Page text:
Chinese companies are investing in value-added industries including agri-business

Chinese companies have been stepping up their global investment spree in the past 12 months. Mergers and acquisitions by private companies are becoming the key drivers of China’s outbound direct investment.

In what has been called the “Third Wave” of China’s outbound direct investment (ODI), the focus of investment has been on high-tech and services companies in developed economies. Previous “waves” have focused on supporting developing economies and investing in commodities and extraction industries.

Chinese investment is moving away from Africa, Latin America and Asia to developed markets, in particular the European Union and North America

The increase in China’s ODI is driven by the central government’s strong encouragement for domestic companies to invest overseas in a bid to boost their international competitiveness. The added benefit to Beijing of ODI is it utilises surplus domestic capacity and helps to slow the rapid build-up of the country’s foreign exchange reserves, which reached a record USD3.8 trillion by the end of 2014.

Slow global economic recovery and depreciating foreign currencies have provided a decent tailwind to this endeavour.

China’s ODI grew 19 per cent year-on-year on average between 2009 and 2014. This compared with foreign direct investment (FDI) into China that grew an average of 5 per cent year-on-year during the same period. Last year, China’s ODI reached USD116 billion, almost matching the FDI total of USD120 billion.

So what is the outlook for China’s ODI and are there any new trends to watch out for?

Firstly, in our view China’s ODI will continue to grow by around 20 per cent a year, with China overtaking the US as the world’s largest outbound direct investor in the next few years. This year, the pace of investment is set to accelerate, pushed by massive infrastructure investments in Asia and Europe envisioned in the “One Belt, One Road” initiative.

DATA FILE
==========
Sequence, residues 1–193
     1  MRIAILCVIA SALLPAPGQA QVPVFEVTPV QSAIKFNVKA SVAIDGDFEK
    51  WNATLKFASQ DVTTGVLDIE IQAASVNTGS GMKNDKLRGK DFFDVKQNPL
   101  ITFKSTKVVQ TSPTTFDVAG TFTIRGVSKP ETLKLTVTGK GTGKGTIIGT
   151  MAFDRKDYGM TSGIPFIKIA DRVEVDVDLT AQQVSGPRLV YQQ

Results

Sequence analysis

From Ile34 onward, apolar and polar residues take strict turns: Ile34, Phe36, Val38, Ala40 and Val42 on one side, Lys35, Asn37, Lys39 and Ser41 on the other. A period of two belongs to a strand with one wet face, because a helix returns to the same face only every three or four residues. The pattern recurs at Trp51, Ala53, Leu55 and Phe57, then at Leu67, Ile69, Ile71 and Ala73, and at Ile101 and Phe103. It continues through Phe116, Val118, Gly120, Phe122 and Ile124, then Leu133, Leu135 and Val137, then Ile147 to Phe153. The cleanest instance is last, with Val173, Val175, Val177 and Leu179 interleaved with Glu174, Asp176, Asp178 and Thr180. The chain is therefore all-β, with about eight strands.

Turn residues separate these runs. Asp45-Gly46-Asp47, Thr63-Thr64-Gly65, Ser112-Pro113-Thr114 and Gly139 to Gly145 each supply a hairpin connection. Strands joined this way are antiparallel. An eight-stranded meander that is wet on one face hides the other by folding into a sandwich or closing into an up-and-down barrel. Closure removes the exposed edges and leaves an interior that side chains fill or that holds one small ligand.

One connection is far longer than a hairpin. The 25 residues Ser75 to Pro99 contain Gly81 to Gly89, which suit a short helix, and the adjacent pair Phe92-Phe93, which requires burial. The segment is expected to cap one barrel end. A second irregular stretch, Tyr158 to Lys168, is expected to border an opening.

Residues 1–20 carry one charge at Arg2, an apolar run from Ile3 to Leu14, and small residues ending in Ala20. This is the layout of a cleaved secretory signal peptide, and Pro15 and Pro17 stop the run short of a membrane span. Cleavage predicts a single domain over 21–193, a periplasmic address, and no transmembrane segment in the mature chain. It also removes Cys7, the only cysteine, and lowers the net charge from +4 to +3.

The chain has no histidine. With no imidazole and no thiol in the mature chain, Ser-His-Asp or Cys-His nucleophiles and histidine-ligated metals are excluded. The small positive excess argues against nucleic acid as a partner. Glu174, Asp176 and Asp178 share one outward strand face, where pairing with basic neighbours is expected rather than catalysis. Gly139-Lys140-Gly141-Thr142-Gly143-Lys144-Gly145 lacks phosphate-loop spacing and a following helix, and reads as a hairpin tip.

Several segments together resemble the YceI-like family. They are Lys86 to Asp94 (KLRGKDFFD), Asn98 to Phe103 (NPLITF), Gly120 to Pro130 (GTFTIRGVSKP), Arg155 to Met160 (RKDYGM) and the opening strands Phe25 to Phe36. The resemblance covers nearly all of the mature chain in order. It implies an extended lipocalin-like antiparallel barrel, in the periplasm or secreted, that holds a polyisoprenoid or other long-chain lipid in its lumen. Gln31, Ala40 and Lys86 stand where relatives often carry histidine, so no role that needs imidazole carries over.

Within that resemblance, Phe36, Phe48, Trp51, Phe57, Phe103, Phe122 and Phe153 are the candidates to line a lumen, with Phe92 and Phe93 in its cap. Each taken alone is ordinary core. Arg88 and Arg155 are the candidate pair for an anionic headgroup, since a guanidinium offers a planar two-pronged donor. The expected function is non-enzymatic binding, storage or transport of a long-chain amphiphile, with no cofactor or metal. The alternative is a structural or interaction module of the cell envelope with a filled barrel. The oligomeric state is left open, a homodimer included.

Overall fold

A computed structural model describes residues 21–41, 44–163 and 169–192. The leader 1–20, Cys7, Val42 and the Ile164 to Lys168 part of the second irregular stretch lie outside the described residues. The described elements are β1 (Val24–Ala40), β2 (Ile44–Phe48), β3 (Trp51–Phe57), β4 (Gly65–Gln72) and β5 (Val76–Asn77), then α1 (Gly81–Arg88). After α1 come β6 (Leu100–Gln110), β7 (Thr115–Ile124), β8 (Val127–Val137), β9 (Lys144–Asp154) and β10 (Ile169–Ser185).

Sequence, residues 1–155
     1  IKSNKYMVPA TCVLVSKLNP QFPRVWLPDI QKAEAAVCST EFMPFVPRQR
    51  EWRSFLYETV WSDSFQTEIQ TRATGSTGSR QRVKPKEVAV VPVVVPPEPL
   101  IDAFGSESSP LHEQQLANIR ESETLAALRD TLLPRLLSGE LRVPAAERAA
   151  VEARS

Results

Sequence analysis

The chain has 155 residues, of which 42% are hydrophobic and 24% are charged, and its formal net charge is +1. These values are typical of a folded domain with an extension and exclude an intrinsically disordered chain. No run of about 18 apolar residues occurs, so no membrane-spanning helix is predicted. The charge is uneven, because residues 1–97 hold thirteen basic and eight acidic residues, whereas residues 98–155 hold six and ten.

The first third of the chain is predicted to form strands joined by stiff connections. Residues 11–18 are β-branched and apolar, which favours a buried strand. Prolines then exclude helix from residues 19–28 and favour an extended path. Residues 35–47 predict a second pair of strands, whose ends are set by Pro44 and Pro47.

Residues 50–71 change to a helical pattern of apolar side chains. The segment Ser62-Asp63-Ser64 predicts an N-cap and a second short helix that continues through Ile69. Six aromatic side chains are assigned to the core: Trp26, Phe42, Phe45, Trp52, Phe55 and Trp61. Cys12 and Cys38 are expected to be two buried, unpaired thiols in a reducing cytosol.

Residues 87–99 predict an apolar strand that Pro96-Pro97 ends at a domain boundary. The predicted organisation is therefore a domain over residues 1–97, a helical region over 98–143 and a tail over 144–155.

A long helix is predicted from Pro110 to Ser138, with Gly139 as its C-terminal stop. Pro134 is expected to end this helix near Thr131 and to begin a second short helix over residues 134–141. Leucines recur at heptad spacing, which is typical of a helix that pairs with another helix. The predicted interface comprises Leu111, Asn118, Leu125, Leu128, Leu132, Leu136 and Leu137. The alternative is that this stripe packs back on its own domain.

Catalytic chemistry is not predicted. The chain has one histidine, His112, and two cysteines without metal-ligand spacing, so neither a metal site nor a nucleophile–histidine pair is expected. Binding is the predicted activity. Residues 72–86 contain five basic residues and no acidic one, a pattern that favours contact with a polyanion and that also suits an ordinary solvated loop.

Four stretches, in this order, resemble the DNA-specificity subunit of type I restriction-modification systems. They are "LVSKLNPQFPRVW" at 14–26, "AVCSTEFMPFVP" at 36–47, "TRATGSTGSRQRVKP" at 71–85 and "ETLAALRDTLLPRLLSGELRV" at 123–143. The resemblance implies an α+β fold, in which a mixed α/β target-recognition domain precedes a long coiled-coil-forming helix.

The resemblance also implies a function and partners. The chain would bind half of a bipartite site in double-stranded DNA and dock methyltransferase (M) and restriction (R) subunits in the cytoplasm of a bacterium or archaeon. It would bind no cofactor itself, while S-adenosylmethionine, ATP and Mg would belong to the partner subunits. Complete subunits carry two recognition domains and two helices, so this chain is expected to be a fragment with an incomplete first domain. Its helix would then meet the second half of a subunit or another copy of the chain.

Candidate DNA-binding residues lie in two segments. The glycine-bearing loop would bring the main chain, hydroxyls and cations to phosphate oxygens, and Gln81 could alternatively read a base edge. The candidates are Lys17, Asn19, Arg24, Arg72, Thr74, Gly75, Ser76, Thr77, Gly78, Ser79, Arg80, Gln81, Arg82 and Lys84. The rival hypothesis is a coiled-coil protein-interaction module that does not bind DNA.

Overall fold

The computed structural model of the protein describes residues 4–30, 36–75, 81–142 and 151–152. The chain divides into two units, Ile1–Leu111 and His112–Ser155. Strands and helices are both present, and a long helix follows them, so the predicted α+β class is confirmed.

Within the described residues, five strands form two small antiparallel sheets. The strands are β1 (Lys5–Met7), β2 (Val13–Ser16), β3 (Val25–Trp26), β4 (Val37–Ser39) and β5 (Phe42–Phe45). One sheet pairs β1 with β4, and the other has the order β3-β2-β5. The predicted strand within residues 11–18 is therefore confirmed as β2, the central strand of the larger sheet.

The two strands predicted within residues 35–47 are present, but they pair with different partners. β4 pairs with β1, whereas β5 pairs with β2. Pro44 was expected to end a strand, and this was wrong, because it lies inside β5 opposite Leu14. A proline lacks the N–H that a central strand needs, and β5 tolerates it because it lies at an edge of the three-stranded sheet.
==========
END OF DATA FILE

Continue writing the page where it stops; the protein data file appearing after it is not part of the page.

Secondly, Chinese companies will continue to shift their geographic and sector focus. Investment is moving away from Africa, Latin America and Asia to developed markets, in particular the European Union and North America. Europe has recorded 14 per cent of China's ODI in goods and services in the last five years.

In addition, China’s “Third Wave” ODI is shifting focus from acquiring natural resources in coal, oil and metals to infrastructure including rail, shipping and ports. Companies are turning to agriculture, technologies, high-end manufacturing, consumer goods, real estate, services and brands. This is at an early stage but growth rates are rapidly accelerating.

Finally, another important trend is that private investors are becoming the main driving force of ODI. State owned enterprises (SOEs) continue to do deals in the industrial, resources and energy sectors. Privately owned enterprises (POEs) are investing in more value-added industry sectors such as agri-business, technology, high-end manufacturing and real estate in more countries and regions. They are looking for intellectual property and brands to bring back to the Chinese market.

Mergers and acquisitions (M&A) have become the fastest way for Chinese companies to tap foreign markets. In the first quarter, the transaction value of China’s outbound M&A deals surged 36 per cent to a historical high of USD20.2 billion, according to PwC. The number of deals jumped by 33 per cent year-on-year to a record high of 77, with privately owned enterprises accounting for 68 per cent of M&A transactions.

The opportunities, however, come with challenges. Acquiring value-added assets is likely to remain extremely difficult. Chinese companies are still not well understood overseas. Cultural integration can be a challenge. To adapt to these challenges, we have seen private enterprises hiring local management and applying local operating models in a bid to retain talent and cut acquisition risk.

China’s new wave of ODI is underpinned by the Chinese government actively reforming and deregulating its regulation of overseas investment. We can expect more developments in the near and mid-term. For instance, with Chinese companies speeding up their pace of overseas expansion, renminbi-denominated deals could be promoted in overseas mergers and expansions. This new era of global cooperation could have benefits for all.

A version of this article was published in FT Beyondbrics on 30 June 2015.

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